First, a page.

I wanted to read Brit Bennett’s latest novel because I liked the plot: two twin black sisters from Louisiana leave theirs to face the world. One will return, the other will turn white.
I readit in English, but this book was recently translated and published in French under L’autre Moitié de Soi by éditions Autrement. I haven’t read Brit Bennett’s previous novel, The Mothers, but I’ve read her. I don’t know what to do with nice white people about race in America. The Vanishing Half exploits the same subject but under a fictional strand.
954-Mallard. Mallard does not exist on any official map, yet this small town in Louisiana does exist. It was the fruit of the imagination of A phone Decuirin 1848, a former slave, now free who decided to create a city composed only of Black men and women, who will never be accepted as White and refuse to be treated like negroes. Because Alphonse was born of rape, and his mother hated his very fair skin. He took it as revenge and married a mulatto with even lighter skin. He thus came up with creating a lineage where each generation would have even lighter skin. And a hundred years later, the twin Vines, direct descendants of Decuir, honor him. Both young women have such fair skin, straight hair that they can pass for white. But at the moment, their only desire is to leave this place.
Once you mixed with common blood, you were common forever.
The two sisters, Desiree, the eldest of 7 minutes, and Stella, run away hand in hand one night. Arriving in New Orleans, they try to find work. Time passes, and one day Stella finds a job as a secretary in the White House, a very chic store. But Stella had to lie to get hired. Because we only hired white people back then. During the day, the young woman turns white. She walks, speaks differently. She watches his gestures, his language. And in the evening, on the tram, she meets her sister, but something has changed.
She just fell in love with her boss, a white American from Boston. A son of a good family. He doesn’t know anything about Stella. He thinks she’s an orphan. And one day Stella disappears.
Years passed, and in 1968, Desiree appeared in Mallard, much to everyone’s surprise. But even more terrible, with her, an eight-year-old child, Jude. With such black skin, she shocks all her entourage! How could she give birth to a child whose color is that of coal? Desiree faces her mother, Adele, and the entire city :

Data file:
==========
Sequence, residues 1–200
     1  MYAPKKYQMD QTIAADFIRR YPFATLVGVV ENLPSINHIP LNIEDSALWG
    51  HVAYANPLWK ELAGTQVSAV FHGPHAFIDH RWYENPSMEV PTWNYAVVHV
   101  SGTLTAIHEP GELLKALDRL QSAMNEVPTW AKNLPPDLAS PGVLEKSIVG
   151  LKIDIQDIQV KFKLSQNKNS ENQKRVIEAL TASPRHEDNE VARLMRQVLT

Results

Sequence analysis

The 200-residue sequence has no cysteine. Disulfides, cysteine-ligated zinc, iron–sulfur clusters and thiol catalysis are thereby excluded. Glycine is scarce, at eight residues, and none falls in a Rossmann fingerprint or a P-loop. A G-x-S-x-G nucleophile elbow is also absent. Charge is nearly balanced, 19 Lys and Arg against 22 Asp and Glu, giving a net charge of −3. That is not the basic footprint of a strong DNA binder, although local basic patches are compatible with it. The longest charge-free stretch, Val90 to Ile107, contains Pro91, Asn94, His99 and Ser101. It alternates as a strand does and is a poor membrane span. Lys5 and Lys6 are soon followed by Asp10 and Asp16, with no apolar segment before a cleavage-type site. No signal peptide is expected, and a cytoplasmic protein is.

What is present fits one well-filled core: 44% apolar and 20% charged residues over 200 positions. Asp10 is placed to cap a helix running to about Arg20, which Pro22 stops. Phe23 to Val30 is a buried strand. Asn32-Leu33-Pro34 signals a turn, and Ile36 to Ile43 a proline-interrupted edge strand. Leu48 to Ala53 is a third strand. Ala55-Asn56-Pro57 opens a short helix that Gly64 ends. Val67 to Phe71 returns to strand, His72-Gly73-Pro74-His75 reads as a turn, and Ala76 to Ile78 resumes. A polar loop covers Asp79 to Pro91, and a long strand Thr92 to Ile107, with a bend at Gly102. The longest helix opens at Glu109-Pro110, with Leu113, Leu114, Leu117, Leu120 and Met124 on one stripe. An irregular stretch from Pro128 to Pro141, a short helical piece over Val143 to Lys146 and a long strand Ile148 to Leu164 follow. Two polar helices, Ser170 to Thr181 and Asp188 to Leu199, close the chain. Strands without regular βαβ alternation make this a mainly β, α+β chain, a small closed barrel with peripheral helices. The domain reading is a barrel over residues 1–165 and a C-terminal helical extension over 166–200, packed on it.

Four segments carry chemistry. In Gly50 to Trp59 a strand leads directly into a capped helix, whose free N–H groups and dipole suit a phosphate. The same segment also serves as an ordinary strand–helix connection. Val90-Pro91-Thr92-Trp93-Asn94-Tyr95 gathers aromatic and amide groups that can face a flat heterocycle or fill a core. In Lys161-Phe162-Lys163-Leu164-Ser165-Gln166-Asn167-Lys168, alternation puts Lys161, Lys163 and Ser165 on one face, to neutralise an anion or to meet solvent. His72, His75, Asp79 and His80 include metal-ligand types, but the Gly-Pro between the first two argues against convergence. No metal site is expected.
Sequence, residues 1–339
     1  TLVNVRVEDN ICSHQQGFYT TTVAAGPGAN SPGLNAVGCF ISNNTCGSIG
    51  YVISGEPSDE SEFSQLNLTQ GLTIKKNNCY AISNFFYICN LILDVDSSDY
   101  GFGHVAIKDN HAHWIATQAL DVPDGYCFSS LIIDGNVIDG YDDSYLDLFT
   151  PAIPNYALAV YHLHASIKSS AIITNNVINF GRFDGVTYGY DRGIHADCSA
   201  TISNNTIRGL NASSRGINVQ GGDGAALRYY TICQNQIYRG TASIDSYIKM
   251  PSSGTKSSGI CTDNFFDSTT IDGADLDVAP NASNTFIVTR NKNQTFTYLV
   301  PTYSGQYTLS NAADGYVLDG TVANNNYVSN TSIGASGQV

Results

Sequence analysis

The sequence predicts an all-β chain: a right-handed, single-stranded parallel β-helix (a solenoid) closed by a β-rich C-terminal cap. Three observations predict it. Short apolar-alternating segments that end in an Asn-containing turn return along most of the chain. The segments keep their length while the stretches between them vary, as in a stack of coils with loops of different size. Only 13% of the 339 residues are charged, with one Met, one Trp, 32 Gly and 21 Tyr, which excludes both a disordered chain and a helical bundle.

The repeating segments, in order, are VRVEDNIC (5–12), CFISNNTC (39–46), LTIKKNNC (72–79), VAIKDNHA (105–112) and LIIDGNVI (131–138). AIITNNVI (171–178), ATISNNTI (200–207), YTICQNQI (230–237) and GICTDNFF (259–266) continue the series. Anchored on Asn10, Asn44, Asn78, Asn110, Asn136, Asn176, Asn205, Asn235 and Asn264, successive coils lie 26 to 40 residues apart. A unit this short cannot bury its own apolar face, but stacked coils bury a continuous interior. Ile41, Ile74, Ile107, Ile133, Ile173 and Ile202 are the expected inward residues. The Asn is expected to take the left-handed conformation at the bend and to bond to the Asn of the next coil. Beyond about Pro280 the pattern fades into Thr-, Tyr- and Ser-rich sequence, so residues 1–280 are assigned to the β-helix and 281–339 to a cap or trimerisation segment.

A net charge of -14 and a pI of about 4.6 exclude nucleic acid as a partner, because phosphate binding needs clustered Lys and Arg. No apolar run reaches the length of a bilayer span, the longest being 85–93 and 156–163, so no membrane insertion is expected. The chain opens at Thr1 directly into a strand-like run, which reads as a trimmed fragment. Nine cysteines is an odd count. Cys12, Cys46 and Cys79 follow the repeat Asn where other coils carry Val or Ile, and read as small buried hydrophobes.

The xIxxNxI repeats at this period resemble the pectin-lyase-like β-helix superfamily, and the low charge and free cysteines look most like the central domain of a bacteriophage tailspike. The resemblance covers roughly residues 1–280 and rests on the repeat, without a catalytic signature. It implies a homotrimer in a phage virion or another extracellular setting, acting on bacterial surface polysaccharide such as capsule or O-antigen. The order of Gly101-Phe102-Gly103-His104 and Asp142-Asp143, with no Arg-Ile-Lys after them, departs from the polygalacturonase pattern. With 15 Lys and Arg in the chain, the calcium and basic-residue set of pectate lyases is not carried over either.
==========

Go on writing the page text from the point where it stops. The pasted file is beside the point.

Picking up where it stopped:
I don’t see how nothing that black coulda come out, Desiree.
Then the novel jumps back in time; we find Jude, a young graduate who goes to study at the other end of the country, where his darkness will make less talk. She will fall in love with a boy like no other. In this same city, Kennedy, Stella’s only daughter, will try to break into the the atre. Four women, four generations. And an overwhelming secret.
In the first place, having read it in English, I found interesting the fact that the story takes place in Louisiana, the names of French origin and the very expression “passer blanc” (posing as a white person) is used in French (I do not know if this is mentioned in the translation). I listened to a podcast about this novel, and in English, they were surprised at the use of the verb to pass, but it is the French verb and not English. Having read and seen quite a few documentaries on the black issue,
I know that many Americans managed to pass themselves off as white, but the price was high. I loved the Way bright Bennett transcribed Stella’s feelings, fears. This is undeniable, for me, the most interesting character because this new life of a rich white woman is so far from her childhood. Hearing him made racist remarks is striking. Because as his mother told him
We always know our own.
Similarly, the character of Jude, a little girl with black skin who is mocked throughout her schooling at Mallard, is also touching. The difference is never accepted. As the publisher specifies, this novel questions identity and filiation, the right to be forgotten. The right to be reborn (as withJude’sboyfriend) and especially the strong need to exist.
I do not know if reading it on my e-reader played, but I admit one downside: I was not eager for some readings to dive back into it, except when at two-thirds, the tension rises (I do not want to betray the story).
A novel that I found moving and touching and still relevant. A novel that teaches you that freedom, alas, is related to your skin color.